The Trump administration is weighing an executive order that could yank the US out of NAFTA and cause a potentially earth-rattling upheaval in trade relations across North America.
Reports on the executive order have varied considerably in tone and substance. The Wall Street Journal reports that the White House is "debating" a "formal threat" to withdraw from the free trade agreement. According to Politico, President Trump is "considering" an executive order "on withdrawing," which has been submitted for final stages of review and could emerge next week. And the New York Times has said an order that would actually trigger withdrawal is "likely" to be signed. All of the reports are based on leaks from unnamed administration officials.
So can the US really just abandon NAFTA, the free trade pact that has woven together the US, Mexican, and Canadian economies for 23 years? Yes. The executive order would presumably trigger withdrawal by invoking Article 2205 of the treaty, which lays out that one of the three countries "may withdraw from this Agreement six months after it provides written notice of withdrawal to the other Parties."
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Can Trump do this alone without Congress, which is already pushing back against the idea of withdrawal? That's not so obvious.
"It's unclear if you need Congress," Chad Bown, a senior fellow at the Peterson Institute for International Economics, told me. "Part of the issue is we've never done something like this before; we've not gone through the legal i's that need to be dotted and t's that need to be crossed."
"The White House is supposed to consult with Congress [about free trade accords] at a minimum, but what does that mean? That's up for interpretation," he added.
There are two crucial questions right now surrounding the prospect of this order. The first is whether or not Trump sincerely plans to sign an executive order that would allow the US to withdraw from NAFTA, or if his administration is leaking this information as a scare tactic to soften up Canada and Mexico in the runup to renegotiating the trade agreement.
Earlier this week, the administration picked a fight with Canada over softwood lumber imports. While it's actually just the latest chapter in a long-brewing conflict between the two countries over the material, starting the clash allowed the Trump administration to score points at home by portraying itself as a protector of US jobs — and look tough abroad.
The timing of the move is also lost on nobody; the US, Canada, and Mexico have all been preparing to renegotiate NAFTA in the coming months. Anything aggressive that Trump does on trade now is likely to shape how negotiators anticipate what his posture will be like in the future.
Up to this point, the Trump administration seemed to be approaching that renegotiation in a strikingly modest fashion. The draft proposal it released in March and has been circulating around Congress ever since offered a raft of ideas that most trade analysts considered to be constructive and ultimately affirmative of NAFTA. "It definitely signaled the US goal would be to update NAFTA and improve it — not to blow up NAFTA," Chris Wilson, deputy director of the Mexico Institute at the Wilson Center, told me earlier in April.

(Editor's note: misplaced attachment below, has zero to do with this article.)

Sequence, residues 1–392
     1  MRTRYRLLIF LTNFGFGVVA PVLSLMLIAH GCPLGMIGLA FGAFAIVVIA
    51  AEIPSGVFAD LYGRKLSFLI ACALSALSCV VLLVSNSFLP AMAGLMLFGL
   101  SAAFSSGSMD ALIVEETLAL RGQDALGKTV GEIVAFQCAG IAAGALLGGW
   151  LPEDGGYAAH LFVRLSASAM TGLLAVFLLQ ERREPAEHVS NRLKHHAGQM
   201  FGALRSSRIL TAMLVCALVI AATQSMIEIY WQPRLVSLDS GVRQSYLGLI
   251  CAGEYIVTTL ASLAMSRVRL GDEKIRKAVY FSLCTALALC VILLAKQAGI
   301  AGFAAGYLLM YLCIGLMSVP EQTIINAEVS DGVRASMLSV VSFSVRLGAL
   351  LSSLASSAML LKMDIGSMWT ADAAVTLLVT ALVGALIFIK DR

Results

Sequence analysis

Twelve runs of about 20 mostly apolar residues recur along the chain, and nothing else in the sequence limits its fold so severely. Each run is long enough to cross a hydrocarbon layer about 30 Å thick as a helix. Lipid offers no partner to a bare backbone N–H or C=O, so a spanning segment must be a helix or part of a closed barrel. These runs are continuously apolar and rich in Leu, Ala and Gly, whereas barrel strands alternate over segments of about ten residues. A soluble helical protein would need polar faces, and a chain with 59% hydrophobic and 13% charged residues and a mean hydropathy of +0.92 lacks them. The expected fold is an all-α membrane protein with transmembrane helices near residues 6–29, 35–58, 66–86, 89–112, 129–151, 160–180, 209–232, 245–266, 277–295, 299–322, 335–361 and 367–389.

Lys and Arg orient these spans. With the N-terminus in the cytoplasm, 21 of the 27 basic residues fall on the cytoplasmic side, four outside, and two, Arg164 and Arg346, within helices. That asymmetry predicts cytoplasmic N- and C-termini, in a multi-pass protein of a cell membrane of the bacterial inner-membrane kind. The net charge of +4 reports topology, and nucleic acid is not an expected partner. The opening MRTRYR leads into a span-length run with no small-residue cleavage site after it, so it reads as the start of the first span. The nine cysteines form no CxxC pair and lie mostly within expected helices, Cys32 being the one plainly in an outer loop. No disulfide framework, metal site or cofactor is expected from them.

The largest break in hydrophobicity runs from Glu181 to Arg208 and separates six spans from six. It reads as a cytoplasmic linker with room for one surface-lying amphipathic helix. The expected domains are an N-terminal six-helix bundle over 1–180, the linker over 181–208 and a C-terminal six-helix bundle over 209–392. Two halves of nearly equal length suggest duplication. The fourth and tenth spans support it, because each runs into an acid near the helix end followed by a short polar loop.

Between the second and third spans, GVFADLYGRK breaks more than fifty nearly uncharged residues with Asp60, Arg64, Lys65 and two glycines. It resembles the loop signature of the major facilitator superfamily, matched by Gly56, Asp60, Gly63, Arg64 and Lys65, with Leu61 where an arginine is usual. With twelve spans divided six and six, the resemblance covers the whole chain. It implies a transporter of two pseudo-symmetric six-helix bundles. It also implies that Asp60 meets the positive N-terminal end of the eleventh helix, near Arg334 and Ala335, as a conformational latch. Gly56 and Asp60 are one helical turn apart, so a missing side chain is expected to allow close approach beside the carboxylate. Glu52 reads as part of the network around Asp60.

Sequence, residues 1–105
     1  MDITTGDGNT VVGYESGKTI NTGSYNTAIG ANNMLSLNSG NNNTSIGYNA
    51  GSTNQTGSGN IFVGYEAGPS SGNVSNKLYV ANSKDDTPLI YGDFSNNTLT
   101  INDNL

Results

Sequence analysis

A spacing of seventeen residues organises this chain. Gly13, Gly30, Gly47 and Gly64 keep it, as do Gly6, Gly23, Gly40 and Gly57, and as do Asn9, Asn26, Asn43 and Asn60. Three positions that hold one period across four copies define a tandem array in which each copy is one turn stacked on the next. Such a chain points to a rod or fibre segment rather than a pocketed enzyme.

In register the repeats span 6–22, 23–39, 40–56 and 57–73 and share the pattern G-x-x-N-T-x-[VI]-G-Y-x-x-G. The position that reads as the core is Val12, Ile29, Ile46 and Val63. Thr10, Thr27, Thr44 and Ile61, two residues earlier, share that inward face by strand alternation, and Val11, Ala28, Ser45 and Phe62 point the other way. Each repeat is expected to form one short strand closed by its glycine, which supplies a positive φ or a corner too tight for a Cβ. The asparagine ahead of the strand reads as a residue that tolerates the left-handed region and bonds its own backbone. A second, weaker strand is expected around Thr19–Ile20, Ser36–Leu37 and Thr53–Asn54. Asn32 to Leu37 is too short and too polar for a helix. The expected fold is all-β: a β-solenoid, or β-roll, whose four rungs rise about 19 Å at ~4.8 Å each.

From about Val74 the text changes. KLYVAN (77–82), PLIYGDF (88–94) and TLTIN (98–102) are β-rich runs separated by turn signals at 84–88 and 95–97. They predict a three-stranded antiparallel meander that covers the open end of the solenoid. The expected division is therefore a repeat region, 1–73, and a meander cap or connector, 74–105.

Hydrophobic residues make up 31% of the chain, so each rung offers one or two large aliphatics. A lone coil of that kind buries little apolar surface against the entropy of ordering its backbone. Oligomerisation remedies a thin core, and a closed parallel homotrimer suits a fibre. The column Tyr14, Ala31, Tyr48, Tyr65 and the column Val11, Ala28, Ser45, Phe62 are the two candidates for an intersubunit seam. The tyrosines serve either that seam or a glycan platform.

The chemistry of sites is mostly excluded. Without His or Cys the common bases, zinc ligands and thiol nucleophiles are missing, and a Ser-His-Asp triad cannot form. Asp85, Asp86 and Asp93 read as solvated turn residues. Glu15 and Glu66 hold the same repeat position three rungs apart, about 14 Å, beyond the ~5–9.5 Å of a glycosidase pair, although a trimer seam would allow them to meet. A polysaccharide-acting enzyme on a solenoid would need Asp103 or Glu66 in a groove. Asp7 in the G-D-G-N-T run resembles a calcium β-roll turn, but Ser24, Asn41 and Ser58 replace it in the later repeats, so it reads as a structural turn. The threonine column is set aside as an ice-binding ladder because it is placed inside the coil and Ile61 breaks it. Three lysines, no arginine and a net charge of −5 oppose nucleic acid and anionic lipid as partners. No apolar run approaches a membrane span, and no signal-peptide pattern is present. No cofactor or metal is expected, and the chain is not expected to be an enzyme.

That's what makes the possibility of an executive order pulling out of NAFTA altogether so peculiar, and makes it seem that the leaks could just be a way to apply pressure.
Then there's the second question: How would an actual executive order on withdrawal be related to renegotiation discussions, if at all?
There are a few possibilities here. On one extreme end, it's possible that the executive order is primarily symbolic, like the two trade executive orders Trump signed in March that offered a lot of threatening language but little substance in the way of actual policy change.
The White House said it was going to crack down on overdue trade violation fines and that it was drawing up a report on its trade partners' violations of trade rules, but it offered no blueprint for action.
Theoretically, the executive order that the Trump administration is drafting could fit this mold: It could announce some kind of study of NAFTA trade imbalances and offer some vague language about withdrawing if certain abstract goals aren't met, but lay out little in terms of concrete steps that it would take down the road.
On the other extreme end, the executive order could just be a simple notification to Canada and Mexico that the US plans to withdraw from NAFTA, end of story. Given that the biggest trade radicals in the administration — chief White House strategist Steve Bannon and the head of Trump's National Trade Council, Peter Navarro — have drafted this order, according to Politico, that doesn't seem outside the realm of possibility.
But there are also many scenarios that fall within those extremes. "You could tell trading partners that you may withdraw in six months, but in the end you choose not to withdraw, so it's not actual commitment," Bown says.
After all, Article 2205 says that a country "may" withdraw after providing notice — not that it has to.
Why would Trump do that? Because he would want to give the US the most leverage possible in the renegotiation process. He could say something along the lines of, "We must finish up negotiations that give the US what it wants within six months, or we're out."
All we know at the moment is that Canada and Mexico are wondering which of these scenarios is the right one.